The truckload of free tacos attracted a crowd of students in front of the William Pitt Union on Saturday night, where some people busted a move to the booming Latin music and tried doing the salsa.
Pitt’s Center for Latin American Studies hosted its annual Latin American and Caribbean Festival, offering students live music, food raffles and vendors to spotlight Pittsburgh’s Latinx community. The festival was part of Pitt’s celebration of Hispanic Heritage Month, which spans Sept. 15 to Oct. 15.
According to Luz Amanda Hank, the assistant director of partnerships and programming for CLAS, the festival traditionally takes place on a much larger scale. But due to Pitt’s COVID-19 restrictions, the festival was smaller this year.
“I call it the ‘fast and furious’ festival,” Hank said. “But we just wanted to keep the tradition 一 the mission of the festival is to showcase the cultures of Latin America and the Caribbean.”
A Colombia native, Hank is a Pitt alumna with a B.A. in Spanish and a certificate in Latin American Studies. She has been involved with the festival since she started working for CLAS in 2002.
According to Hank, before the COVID-19 pandemic, the Latin American and Caribbean festival usually attracted between 3,000 and 4,000 attendees as well as 120 artists and food vendors. This year, there were two food trucks, a performance by Latin band Karibe Són and two Latinx-based business stands.
Howard Alvarez, the programs administrator of the Pittsburgh Hispanic Development Corporation, held one of the stands at the festival. He came to Pittsburgh from Venezuela two and a half years ago and said he found the Pittsburgh Latinx community to be vibrant and supportive.
“I didn’t think that I would stay here, but Pittsburgh is a welcoming city,” Alvarez said. “I have a passion for working for communities 一 everything related to human rights and human services 一 I feel Pittsburgh gave me a great opportunity to connect with PHDC.”
According to Alvarez, PHDC’s mission is to improve the lives of Latinx families in Pittsburgh by providing them with employment opportunities, housing assistance and business startup support. The company also recruited student interns at the event.
“Through CLAS, we are referred to students who want to assist Latino businesses to improve,” Alvarez said. “Interns learn to connect with the housing, employment and community initiative in PHDC.”
Matthew Parungao, a first-year business information systems major, came to the festival to enjoy the music and food. He said next to the tacos, learning more about the Latin American and Caribbean community on campus was his favorite aspect of the festival.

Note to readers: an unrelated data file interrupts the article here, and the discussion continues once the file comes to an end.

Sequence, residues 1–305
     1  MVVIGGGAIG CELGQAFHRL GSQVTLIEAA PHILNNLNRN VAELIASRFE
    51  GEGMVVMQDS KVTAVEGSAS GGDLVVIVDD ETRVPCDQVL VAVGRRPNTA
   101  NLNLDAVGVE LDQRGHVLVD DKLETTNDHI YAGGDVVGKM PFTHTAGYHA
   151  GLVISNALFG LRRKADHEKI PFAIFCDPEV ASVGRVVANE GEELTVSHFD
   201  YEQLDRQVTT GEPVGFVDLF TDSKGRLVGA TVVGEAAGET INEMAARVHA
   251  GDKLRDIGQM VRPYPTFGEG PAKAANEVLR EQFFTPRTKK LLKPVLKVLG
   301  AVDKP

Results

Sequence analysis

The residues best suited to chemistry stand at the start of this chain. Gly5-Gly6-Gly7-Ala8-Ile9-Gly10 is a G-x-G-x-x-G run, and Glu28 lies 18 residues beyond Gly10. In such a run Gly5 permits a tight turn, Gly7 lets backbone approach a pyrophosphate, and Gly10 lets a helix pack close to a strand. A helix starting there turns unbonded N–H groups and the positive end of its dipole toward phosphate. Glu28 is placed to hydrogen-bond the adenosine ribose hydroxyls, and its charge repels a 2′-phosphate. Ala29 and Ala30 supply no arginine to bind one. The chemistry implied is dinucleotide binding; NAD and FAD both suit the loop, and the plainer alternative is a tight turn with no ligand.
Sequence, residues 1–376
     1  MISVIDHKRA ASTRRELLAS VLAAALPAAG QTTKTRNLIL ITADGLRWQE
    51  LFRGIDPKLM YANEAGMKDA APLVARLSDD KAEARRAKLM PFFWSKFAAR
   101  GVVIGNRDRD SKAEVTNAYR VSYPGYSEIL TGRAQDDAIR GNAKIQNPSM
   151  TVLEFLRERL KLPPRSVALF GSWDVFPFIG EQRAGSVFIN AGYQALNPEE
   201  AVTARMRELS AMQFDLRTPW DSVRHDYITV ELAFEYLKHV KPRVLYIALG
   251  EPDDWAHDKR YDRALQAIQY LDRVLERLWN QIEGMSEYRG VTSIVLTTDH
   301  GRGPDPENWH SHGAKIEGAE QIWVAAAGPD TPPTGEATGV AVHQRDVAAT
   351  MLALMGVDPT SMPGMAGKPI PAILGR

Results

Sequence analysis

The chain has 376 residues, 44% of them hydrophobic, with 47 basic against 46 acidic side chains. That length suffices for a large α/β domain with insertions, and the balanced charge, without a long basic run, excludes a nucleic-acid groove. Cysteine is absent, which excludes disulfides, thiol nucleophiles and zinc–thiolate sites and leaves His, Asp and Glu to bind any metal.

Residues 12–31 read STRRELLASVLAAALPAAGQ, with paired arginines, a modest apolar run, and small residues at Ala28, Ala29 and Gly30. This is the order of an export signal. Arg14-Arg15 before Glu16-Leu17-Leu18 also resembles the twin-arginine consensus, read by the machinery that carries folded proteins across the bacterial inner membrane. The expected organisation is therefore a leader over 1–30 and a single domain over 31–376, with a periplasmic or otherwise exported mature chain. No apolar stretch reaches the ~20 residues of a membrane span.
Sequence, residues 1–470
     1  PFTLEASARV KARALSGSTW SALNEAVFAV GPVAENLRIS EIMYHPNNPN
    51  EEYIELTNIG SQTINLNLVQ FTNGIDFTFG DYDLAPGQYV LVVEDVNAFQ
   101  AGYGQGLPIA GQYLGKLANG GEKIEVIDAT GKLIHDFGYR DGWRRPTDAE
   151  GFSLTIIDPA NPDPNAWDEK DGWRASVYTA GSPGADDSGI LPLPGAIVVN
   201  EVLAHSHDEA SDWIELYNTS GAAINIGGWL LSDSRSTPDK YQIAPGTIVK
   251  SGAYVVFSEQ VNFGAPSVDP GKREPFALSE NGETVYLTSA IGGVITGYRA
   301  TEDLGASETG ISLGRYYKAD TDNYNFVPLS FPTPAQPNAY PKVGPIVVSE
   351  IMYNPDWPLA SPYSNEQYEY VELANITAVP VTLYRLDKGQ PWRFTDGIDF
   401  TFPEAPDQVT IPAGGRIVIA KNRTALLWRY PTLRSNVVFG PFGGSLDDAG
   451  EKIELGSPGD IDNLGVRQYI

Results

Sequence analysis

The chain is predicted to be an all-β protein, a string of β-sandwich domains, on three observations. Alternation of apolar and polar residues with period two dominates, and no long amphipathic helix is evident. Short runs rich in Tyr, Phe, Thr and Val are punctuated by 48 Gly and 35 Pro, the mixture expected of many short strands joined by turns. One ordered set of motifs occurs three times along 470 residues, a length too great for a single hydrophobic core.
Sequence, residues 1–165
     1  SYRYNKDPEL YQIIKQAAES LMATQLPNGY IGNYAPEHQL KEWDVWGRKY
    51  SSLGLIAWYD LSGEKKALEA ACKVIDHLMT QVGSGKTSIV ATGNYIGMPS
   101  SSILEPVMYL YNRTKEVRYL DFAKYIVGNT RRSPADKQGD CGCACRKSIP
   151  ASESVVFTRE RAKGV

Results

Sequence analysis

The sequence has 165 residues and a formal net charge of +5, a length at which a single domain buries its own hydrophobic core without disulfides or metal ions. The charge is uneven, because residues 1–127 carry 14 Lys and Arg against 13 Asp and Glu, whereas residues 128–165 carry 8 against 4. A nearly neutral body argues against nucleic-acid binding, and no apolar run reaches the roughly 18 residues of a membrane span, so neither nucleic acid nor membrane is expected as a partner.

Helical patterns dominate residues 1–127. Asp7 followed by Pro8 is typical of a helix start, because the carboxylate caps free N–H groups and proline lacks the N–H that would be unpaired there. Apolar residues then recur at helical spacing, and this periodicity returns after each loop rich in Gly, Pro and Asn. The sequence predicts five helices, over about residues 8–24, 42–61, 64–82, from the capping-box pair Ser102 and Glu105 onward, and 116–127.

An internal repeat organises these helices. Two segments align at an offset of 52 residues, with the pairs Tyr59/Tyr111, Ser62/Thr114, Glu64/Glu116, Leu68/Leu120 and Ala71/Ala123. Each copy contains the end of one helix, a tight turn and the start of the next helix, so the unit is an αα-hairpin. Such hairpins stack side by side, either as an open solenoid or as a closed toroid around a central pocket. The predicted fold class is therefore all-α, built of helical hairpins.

“For a lot of University students, this may be some of their first exposure to different cultures,” Parungao said. “Back home in Nevada, there’s a large Latin American population so it’s cool to see that here.”
CLAS ambassador Peyton Stuart, a senior natural sciences major, took on a leadership role in CLAS after he studied abroad in Costa Rica. He said since he has been speaking Spanish for seven years, he wants to immerse himself in Hispanic culture. His experience drove him to earn a certificate in Latin American studies.
“When you actually go immerse yourself in the culture, it’s a lot different than reading out of a book,” Stuart said. “Studying abroad really makes you fall in love with the culture a little bit more.”
Stuart said he felt his experience with CLAS completely changed his experience as a Pitt student. Although he is not Hispanic himself, he said his vast involvement in CLAS gave him a new perspective on Pitt’s community.
“It’s cool to kind of look at the demographic and experience the culture,” Stuart said. “Being so involved with the Center allows me to get involved with other organizations on campus 一 it enriches my major and makes my experience as a student more fulfilling.”
CLAS has a multitude of other upcoming events for Pitt students, including the “What’s In A Name?” October lecture series, film series and arts and crafts workshops. According to Stuart, these are excellent networking opportunities for the Latin American community, as well as those who wish to learn more about the culture.
“We have a very vibrant Latin American community here. It’s a great way for us as a Center to advertise all the big programs we have for everybody,” Stuart said. “Everybody loves food and everybody loves music, so this festival is a great way for people to get involved with the Center and learn more about what it is.”
The festival is just one aspect of Hispanic Heritage Month. According to Hank, CLAS is also going to have a panel at Pitt’s 2021 Latinx Connect Conference on Oct. 14-16. The conference will center on conversations about Latinx activism in Pennsylvania. CLAS will discuss topics such as Latinx representation in the media and advocacy for trans Latinx people.
“This festival is just a small taste of the Latinx community for the students to showcase our culture, but there’s a lot more going on at the moment,” Hank said. “We don’t talk about what issues are going on enough, because everyone thinks that all of us are in the east part of the state, but there’s a lot of us in this part of this state.”
Hank said CLAS had to postpone the festival three times since April 2020 due to COVID-19 pandemic restrictions, so she was glad to have a smaller celebration with the Pitt community.
“It’s really about the people. When we do the festival, it’s a way for Latinx people to relate with the community,” Hank said. “It’s smaller this year but we still want to give students that sensation of what Latin America is like.”